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  • Thank you for this long answer! Yes, that's what I planned, use my Cubase to record and adjust the sound samples (yes, I know, there is a lot to do to do it "right", but for the first step I just want to try it). The step after this was missing Nov 11 '20 at 7:33
  • With the help of this information I now found a few alternatives/ways to go. And I think a nice, simple and very flexible one (as it can be used in a lot of applications) would be sforzando. So I'll try to create a custom soundfont and use sforzando as instrument in Cubase. I found another interesting possibility in Cubase: The sampler track (works for one sample only), and Groove Agent SE, it's possible to put custom wave files for each midi note. Nov 11 '20 at 8:31
  • @PaulWellnerBou Good luck! It would be interesting to see and hear the results. I must say, by wanting to create your own sounds, you're in a very small minority of people. :) These days it's rare to encounter anyone with this question. Nov 11 '20 at 9:52
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    Thanks again. The first try was quite promising, I think: music.wbou.de/virtual-instruments/2020/11/18/… I have some more projects in the pipeline... more formats of this one (Kontakt, DecentSampler), a strummed Ukulele, another harp we have here, my clarinet, my french horn,... Not sure when I'll have the time for it though. Besides this, I collected a few links and information on this topic: music.wbou.de/virtual-instruments/2020/11/17/… Dec 30 '20 at 7:37
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Wrapping up what I found out researching:

There are lots of samplers out there, commercial, free, expensive, less expensive. The comments and answers regarding samplers helped me to find the right search terms.

If you have Cubase already, the new sampler track of Cubase 11 is able to do a lot of this already out of the box.

But there are not very much samplers which actually can save and package virtual instruments or even sound fonts (or at least I did not found much).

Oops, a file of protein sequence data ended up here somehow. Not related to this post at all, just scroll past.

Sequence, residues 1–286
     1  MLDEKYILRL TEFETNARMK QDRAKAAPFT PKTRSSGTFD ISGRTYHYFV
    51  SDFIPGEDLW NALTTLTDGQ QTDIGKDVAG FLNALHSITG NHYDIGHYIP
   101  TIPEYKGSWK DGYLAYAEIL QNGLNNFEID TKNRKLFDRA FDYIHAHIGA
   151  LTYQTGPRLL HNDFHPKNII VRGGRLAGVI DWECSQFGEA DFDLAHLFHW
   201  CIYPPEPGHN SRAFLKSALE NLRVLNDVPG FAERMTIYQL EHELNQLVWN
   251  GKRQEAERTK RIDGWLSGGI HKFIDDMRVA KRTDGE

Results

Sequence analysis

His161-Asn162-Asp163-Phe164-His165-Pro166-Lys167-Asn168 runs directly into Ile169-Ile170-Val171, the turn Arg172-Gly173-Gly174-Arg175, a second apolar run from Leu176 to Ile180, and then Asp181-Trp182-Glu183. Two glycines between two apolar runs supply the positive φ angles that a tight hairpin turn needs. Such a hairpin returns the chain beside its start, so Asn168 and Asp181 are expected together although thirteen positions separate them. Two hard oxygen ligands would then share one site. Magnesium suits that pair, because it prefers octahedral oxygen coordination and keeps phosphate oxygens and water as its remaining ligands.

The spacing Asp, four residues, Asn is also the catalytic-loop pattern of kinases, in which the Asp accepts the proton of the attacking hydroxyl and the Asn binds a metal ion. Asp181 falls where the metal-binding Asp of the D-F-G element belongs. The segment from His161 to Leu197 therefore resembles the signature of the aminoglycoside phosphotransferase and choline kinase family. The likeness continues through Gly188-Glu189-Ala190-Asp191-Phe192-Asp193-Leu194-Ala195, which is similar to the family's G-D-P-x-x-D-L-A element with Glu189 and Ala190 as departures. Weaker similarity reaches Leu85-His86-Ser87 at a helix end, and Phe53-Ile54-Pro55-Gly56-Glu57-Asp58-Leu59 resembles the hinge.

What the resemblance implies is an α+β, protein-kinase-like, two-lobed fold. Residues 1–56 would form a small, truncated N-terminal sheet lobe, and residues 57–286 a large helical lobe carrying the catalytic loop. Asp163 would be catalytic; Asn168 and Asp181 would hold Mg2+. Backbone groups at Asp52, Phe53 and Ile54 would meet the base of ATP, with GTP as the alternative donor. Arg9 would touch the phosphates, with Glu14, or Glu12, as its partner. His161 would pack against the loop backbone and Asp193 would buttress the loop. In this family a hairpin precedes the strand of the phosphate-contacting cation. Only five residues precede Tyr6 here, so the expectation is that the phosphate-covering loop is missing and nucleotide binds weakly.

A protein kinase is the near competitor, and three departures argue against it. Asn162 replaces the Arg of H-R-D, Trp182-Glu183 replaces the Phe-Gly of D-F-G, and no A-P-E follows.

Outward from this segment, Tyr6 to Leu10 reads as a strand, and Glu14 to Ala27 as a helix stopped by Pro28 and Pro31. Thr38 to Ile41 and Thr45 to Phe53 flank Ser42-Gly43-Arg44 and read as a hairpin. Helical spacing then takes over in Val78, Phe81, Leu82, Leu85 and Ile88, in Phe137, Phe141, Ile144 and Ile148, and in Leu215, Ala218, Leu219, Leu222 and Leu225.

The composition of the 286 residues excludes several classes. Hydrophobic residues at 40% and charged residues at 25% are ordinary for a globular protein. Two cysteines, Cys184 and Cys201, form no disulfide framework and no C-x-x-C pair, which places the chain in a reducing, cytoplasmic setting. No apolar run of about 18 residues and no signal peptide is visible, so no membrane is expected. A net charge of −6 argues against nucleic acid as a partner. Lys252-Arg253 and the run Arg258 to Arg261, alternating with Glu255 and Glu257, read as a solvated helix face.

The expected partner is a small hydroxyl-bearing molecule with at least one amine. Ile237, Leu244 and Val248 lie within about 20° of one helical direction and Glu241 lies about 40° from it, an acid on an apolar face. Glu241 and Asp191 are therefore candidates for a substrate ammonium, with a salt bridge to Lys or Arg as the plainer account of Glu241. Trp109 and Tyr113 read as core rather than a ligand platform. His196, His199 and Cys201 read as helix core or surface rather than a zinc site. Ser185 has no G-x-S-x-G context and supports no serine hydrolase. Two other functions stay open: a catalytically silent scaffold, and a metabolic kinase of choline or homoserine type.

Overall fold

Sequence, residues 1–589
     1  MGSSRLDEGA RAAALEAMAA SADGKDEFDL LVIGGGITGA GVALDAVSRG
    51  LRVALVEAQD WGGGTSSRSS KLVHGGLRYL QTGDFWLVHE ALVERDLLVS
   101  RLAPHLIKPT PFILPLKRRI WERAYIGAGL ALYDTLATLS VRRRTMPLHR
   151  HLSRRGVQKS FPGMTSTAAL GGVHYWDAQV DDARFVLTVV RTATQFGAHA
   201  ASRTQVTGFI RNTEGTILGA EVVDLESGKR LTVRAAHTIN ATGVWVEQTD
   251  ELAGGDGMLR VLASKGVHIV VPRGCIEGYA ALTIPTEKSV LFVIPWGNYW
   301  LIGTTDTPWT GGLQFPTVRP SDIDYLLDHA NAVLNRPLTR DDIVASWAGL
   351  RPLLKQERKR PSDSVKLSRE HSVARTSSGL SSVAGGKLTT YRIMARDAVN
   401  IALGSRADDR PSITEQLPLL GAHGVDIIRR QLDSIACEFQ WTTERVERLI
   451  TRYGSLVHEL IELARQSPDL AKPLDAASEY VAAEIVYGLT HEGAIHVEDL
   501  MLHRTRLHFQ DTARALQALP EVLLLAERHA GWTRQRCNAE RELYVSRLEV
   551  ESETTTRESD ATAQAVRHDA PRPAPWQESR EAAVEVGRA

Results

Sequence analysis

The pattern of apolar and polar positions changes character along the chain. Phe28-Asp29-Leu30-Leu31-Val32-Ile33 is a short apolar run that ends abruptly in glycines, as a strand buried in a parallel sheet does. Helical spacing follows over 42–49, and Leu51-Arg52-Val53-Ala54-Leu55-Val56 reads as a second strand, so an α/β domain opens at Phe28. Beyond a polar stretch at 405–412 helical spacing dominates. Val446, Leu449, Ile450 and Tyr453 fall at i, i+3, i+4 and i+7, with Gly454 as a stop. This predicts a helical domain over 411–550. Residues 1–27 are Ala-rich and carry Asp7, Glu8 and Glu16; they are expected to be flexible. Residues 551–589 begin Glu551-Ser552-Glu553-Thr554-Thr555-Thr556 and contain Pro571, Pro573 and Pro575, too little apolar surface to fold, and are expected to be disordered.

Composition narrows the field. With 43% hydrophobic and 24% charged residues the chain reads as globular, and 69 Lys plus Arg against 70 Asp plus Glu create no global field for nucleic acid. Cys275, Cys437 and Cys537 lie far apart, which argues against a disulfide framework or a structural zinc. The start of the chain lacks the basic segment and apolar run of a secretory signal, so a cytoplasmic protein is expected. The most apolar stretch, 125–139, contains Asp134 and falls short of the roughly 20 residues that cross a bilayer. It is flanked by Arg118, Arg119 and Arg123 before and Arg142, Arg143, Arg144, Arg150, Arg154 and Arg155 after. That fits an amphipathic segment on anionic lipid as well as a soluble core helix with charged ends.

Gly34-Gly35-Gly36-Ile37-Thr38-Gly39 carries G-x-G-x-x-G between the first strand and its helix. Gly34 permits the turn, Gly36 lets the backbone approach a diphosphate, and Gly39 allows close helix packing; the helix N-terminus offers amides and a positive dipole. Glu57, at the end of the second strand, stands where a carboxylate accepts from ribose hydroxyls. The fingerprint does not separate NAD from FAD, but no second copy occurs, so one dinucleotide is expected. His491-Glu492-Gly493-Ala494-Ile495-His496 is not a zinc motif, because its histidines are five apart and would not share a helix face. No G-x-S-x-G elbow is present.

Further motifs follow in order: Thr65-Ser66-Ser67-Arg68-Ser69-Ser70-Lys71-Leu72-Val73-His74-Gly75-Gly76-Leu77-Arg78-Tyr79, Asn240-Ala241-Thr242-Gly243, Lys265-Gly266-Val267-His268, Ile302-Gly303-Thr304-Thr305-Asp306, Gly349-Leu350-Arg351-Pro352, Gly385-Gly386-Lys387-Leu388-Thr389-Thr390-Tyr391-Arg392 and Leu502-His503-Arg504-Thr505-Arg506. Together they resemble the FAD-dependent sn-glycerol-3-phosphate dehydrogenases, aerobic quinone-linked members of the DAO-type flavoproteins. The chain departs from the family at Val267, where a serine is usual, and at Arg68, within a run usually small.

So I collected a few of them here:

The "big ones" -- as far as I was able to find out:

  • Native Instrument's Kontakt
  • Logic's ESX24
  • Steinberg's Halion

But with neither of them it is possible to create or export instruments in a format which can be distributed for free so that it can be used by others without a Cubase, Logic or Kontakt license.

So here some options based on free specifications/software:

SFZ Format

  • Free
  • VST and standalone application available: Sforzando
  • Documented: SFZ Format
  • Sfz files have to be written manually, there is no UI to build your instrument
  • No packaged format: An sfz is just a text file referring to audio files

Soundfont 2 (sf2)

DecentSampler

I am not the only one looking for an instrument format which can be shared easily: DecentSampler, created by David Hilowitz is a response.

  • Free
  • XML Format, similar approach as SFZ
  • VST with graphical UI and custom controls for your instrument available
  • Files have to be written manually, there is no UI to build your instrument

Compatibility and conversion options

Kontakt to SFZ

SF2 to SFZ

  • Sforzando can read sf2 files and save them as SFZ

DecentSampler to SFZ

  • There is a [https://gist.github.com/dhilowitz/98f46b22f38d96f8a818e7fa62874c57](SFZ export script) written by David Hillowitz.

SFZ to SF2